Navigation Links
NYU researchers find majority of Latinas are unaware of their risk of diabetes
Date:3/7/2014

Approximately 5.5 million Latinas suffer from elevated fasting plasma glucose (FPG) and nearly 4 million of those women were never told by a healthcare provider they were at risk for diabetes, pre-diabetes, or were borderline for diabetes.

The study, "Latinas with Elevated Fasting Plasma Glucose: An Analysis Using NHANES 2009-2010 Data," led by Dr. Shiela M. Strauss, Associate Professor, New York University College of Nursing (NYUCN), points to the urgent need for alternate sites of opportunity for diabetes screenings. There is also a need for effective and culturally sensitive follow-up care and case management. The study appears in Hispanic Health Care International, Vol.12:1, March 2014.

"Almost 1 million of these 4 million Latinas had not seen a doctor or other healthcare provider in the past 12 months," explains Dr. Strauss. "This is of particular concern as it eliminates a potential opportunity for them to learn about their diabetes risk and their elevated FPG before it causes serious avoidable harm."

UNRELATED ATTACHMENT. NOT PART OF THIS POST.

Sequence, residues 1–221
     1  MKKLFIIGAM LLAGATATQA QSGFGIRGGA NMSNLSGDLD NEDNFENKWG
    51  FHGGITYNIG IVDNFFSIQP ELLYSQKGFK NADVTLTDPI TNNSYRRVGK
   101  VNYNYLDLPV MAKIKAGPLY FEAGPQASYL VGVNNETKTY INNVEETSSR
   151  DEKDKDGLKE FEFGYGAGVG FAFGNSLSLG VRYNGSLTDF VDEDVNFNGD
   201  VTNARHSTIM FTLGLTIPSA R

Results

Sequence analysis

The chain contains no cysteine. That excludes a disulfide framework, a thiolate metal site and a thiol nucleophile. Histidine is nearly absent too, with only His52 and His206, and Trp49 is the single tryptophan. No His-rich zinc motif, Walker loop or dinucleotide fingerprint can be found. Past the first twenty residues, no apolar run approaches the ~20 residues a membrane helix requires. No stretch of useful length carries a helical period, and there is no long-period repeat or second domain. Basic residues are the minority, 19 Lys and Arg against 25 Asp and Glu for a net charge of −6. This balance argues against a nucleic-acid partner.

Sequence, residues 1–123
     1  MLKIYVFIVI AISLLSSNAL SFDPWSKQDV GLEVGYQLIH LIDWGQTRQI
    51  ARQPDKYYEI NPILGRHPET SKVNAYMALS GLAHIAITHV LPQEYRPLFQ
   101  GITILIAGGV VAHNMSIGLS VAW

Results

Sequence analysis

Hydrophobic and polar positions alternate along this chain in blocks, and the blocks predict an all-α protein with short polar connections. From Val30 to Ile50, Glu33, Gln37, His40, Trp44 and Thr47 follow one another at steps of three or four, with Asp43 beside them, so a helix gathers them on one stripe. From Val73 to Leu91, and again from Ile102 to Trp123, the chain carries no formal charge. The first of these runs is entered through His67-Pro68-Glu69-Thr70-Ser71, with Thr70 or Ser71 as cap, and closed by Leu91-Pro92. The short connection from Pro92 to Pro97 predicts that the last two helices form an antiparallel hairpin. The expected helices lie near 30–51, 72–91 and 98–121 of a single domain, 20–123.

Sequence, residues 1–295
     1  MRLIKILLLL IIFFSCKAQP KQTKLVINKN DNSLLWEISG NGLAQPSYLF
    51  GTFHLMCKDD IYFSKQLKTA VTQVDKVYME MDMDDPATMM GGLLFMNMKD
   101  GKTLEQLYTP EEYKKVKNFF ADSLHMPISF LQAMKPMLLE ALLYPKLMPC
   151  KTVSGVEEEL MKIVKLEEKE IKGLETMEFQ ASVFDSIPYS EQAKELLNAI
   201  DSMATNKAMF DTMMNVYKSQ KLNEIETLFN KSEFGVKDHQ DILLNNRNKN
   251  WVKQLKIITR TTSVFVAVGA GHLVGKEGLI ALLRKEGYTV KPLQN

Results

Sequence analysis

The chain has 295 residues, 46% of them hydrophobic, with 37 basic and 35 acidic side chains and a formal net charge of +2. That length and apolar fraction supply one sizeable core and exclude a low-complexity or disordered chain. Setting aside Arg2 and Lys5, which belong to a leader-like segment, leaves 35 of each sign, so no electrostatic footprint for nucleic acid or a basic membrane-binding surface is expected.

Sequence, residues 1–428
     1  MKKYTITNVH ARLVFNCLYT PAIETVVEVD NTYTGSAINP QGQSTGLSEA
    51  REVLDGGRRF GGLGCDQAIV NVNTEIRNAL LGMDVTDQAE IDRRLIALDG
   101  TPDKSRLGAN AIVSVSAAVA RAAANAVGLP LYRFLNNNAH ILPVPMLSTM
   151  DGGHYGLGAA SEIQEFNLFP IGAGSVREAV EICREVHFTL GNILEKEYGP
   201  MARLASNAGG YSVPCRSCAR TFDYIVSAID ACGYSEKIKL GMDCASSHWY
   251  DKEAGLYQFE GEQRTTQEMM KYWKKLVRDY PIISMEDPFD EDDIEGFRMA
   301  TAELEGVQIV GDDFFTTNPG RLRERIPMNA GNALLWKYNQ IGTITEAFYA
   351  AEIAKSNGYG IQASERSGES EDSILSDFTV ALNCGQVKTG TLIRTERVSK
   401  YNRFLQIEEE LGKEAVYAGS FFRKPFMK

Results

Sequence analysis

The study's data were drawn and analyzed from the National Health and Nutrition Examination Survey (NHANES) 2009-2010. The researchers examined data from 1,467 women--Hispanic, non-Hispanic White and non-Hispanic Black women--who were all given a physical examination and participated in interviews that asked questions about their socioeconomic status and demographic and health-related issues. The researchers looked at how many women reported never being told by a health provider that they were at risk of diabetes, had pre-diabetes, or were borderline for diabetes. They then analyzed data from Hispanic subgroups, as cultural differences may argue for the development of different diabetes-related health-preserving strategies.

"In addition to our finding regarding lower health care utilization for Latina women, the finding that the majority of women with elevated FPG levels who had not been told they were at risk, even among those with higher levels of contact with a health care provider, indicates the urgent need to incorporate diabetes screening and culturally competent care across a broader range of health care visits," said Sherry Deren, Ph.D., Director, CDUHR and Senior Research Scientist, College of Nursing, a co-author on the study. "Incorporating this assessment as part of most (if not all) health care visits is likely to increase the early identification of women who are at risk for diabetes."